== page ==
Thursday, October 15, 2009

Observations on the Health Care Argument

I posted a link on Facebook for people to petition the Democratic Congressional leaders on behalf of the Public Option as part of health care reform. (Yes, some are afraid they're going to abandon it.) So, though I just post these things for people who would want to follow up if they want or to ignore if they don't (I even said that in the post!), some people can't resist commenting/arguing. And the comments seemed to go on and on, and all while I wasn't looking. So, here's a few observations that are specific to comments already posted there on my Facebook wall. Feel free to read. Or ignore.

  1. Jesus died in a political execution. To claim he had no interaction with the political systems of his day is not only to miss that fact, but also to miss the fact that he borrows not only the words but the program of the OT prophets. See his statements in the synagogue in Luke 4, for instance. A thorough study of the concept of the “kingdom of God” will also lead to the prophets and to concepts of justice and mercy.
  2. “The poor you always have with you” was not a social program but an observation about the continual injustice of political (and perhaps economic) systems.
  3. To observe that the present system can be abused, and to argue that a reformed system might or will also be abused, is not an argument against reform.
  4. To argue that we can’t get a perfect system is also not an argument against reform, but better understood as a warning that the process will likely take a long time and go through several stages.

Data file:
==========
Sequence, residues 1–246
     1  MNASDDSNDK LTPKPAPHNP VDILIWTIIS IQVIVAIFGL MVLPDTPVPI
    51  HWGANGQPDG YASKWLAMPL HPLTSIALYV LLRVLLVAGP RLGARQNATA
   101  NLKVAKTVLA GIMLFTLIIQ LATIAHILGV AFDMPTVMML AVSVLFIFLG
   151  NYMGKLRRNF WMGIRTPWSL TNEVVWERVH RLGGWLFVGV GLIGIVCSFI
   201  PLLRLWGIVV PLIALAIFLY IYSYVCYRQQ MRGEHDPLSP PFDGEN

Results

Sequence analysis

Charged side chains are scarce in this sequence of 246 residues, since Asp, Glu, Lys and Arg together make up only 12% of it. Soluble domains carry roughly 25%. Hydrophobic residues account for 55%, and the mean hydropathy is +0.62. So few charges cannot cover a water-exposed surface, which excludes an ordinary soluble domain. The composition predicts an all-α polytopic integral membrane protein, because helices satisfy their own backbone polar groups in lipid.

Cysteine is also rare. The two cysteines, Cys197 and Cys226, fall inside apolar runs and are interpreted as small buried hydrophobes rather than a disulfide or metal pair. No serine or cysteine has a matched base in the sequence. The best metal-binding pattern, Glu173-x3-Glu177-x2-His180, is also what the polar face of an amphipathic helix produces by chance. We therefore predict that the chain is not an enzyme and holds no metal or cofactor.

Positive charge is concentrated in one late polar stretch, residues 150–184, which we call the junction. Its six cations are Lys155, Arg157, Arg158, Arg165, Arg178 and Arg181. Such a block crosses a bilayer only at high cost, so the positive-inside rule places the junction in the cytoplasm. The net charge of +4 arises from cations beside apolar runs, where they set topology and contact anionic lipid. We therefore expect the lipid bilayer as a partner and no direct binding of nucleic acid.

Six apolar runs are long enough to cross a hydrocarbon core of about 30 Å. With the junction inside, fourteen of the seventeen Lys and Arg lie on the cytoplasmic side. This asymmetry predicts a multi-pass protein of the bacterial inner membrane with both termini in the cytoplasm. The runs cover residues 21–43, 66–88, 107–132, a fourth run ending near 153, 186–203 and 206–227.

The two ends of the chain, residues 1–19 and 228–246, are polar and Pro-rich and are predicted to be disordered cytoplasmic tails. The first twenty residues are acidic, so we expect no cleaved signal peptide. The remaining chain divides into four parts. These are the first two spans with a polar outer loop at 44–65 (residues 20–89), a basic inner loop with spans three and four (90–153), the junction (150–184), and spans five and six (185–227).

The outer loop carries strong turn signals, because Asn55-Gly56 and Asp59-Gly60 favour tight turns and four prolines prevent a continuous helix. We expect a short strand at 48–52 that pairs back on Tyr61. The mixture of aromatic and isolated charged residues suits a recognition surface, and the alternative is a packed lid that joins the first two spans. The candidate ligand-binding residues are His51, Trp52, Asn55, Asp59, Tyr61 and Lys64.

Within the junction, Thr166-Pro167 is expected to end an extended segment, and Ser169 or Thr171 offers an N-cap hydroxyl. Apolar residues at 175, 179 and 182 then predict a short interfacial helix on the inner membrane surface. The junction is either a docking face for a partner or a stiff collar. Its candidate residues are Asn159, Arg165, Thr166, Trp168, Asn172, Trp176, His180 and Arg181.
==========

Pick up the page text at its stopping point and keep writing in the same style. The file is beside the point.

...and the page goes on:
5. Since capitalism is a conscious effort to eliminate ethical input into the economic system, and Marxism is an effort to put ethics INTO the economic system, it can be argued that Marxism could (if truly employed – which it has never been) is more ethical than capitalism. So, to label a reformed system as “neo-marxist” isn’t an argument against reform of the health care system to make it more ethical. It plays well in Oklahoma as a scare tactic, of course.
  6. As James pointed out, we’re already paying for health care of people who don’t have insurance. But putting some insurance regulations in place has the intention of keeping the costs down for everyone. It will not be free to anyone, except those who are verifiably unable to contribute. The intent of the program is to have everyone contribute and everyone benefit. Certainly good stewardship is important, but from a Biblical perspective no stewardship that excludes justice for the poor would be called “good.”
  7. If we exclude WWJD from the argument, then, yes, we end in moral relativism. I think Harold is right about that. If we don’t have divine input into our ethics, then we’re just making it all up, and then the strong get their way and Mao was right: “truth is found at the end of a gun.” Oh – but that’s pretty close to what we have going right now!
  8. Speaking of stewardship: Jesus statement about giving to Caesar’s what is Caesar’s needs to be understood as the best gag Jesus ever pulled, since Jesus knew, and his opponents there SHOULD HAVE KNOWN, that in reality none of this stuff belongs to Caesar, but it all belongs to God. So Jesus walks away unscathed -- no doubt scratching his head and wondering how his good Jewish opponents could have missed that one. Now, since it all belongs to God, we have to think pretty carefully about what we do with it. I don’t expect our government to be Christian in any way, shape or form, but I do want it to be more just.